Copyright: Kraftwerk/ESA/JazzOpen – Sitara Schmitz

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So begrüßte ESA-Astronaut Alexander Gerst am 20. Juli 2018 um 21:50 Uhr Ortszeit die legendären Elektro-Pioniere Kraftwerk sowie 7500 Besucherinnen und Besucher des Jazz Open-Festivals auf dem Stuttgarter Schlossplatz – und zwar live von der Internationalen Raumstation ISS, auf der er noch bis Mitte Dezember 2018 lebt und arbeitet.

Kraftwerk-Gründungsmitglied Ralf Hütter und Alexander Gerst spielten eine spezielle Version des Tracks Spacelab im Duett an, für das Gerst eigens einen mit virtuellen Synthesizern konfigurierten Tablet-Computer an Bord hatte.

Shaking Orion’s solar wings

Testing the solar wings of the European service module that will provide power, water, air and electricity to NASA’s Orion Moon module.

The solar arrays Orion will use to produce electricity are tested at ESA’s technical heart in the Netherlands. Folded for launch, the fragile solar panels need to survive the rumbling into space aboard the most powerful rocket ever built, NASA’s Space Launch System.
Orion’s solar panels will be folded inside the rocket fairing on the first leg of the trip around the Moon. Once released from the rocket they will unfold and rotate towards the Sun to start delivering power.
To make sure the solar panels will work after the intense launch, ESA engineers are putting them through rigorous tests that exceed what they will experience on launch day. This includes vibrating them on a shaking table and placing them in front of enormous speakers that recreate the harsh launch conditions.

Orion will eventually fly beyond the Moon with astronauts, the first time a spacecraft will support humans with European hardware will also be the farthest humans ever travel from Earth. The first mission – without astronauts – is getting ready for launch in 2019.

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Learn more about Orion: http://bit.ly/OrionESA

Space Bites: Resources beyond Earth | Angel Abbud Madrid

Humans will have to breath, drink and eat while living on the Moon. They will need energy to perform tasks using their robotic companions and materials to build structures. For a sustainable approach to space exploration these resources cannot be carried from Earth but have to be found on the Moon itself.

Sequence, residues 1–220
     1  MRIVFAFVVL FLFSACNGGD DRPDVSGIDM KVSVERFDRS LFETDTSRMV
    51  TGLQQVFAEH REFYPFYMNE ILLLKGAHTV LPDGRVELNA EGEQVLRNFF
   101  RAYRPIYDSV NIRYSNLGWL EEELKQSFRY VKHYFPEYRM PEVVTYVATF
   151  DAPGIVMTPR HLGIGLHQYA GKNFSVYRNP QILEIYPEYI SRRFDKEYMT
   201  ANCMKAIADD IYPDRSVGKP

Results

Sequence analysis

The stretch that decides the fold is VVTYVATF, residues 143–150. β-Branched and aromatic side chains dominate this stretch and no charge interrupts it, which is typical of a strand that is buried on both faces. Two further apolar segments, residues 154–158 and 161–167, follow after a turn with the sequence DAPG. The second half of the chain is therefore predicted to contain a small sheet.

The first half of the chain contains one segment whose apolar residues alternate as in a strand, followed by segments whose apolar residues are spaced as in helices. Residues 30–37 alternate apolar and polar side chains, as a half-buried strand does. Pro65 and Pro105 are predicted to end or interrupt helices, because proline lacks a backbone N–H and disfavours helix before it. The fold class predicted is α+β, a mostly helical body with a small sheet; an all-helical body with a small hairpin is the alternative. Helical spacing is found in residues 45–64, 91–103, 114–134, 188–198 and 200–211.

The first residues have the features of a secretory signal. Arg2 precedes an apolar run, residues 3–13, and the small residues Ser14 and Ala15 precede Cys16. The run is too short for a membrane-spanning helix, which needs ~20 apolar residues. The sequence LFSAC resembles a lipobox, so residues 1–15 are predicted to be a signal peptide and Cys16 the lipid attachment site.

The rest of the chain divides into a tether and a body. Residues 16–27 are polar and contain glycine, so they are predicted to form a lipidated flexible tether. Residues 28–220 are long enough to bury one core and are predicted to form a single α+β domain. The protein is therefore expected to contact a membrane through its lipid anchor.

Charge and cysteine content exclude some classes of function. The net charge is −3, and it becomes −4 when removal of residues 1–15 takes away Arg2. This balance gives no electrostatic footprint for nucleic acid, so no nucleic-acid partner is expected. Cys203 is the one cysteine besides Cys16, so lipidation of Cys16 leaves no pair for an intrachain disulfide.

Angel Abbud Madrid is the Director of the Center for Space Resources at the Colorado School of Mines (CSM), where he leads a multidisciplinary research programme on the human and robotic exploration of space and the utilisation of its resources. He is also the Director of the CSM Space Resources Program, the first academic programme in the world focused on educating scientists, engineers, economists, entrepreneurs and policymakers in the developing field of space resources. 

Space Bites hosts the best talks on space exploration from the most inspiring and knowledgeable speakers from the field. Held at the technical heart of the European Space Agency in the Netherlands, the lectures are now also available on YouTube. If you want to know about the present and future challenges of ESA, stay tuned for more.

To know more about the exploration of the Moon visit http://lunarexploration.esa.int

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Earth from Space: Shanghai

In this episode of Earth from Space, Sentinel-3A takes us over eastern China.
Earth from Space is presented by Kelsea Brennan-Wessels from the ESA Web TV virtual studios.

See also http://www.esa.int/spaceinimages/Images/2018/07/Shanghai_China to download the image.

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BepiColombo Simulation

Preparation is well under way for BepiColombo. Recently the long flight to Mercury was simulated at ESOC, ESA’s Operations Centre in Darmstadt, Germany, where it will be controlled during its journey after its launch from Kourou.

More information: http://bit.ly/ESAsBepiColombo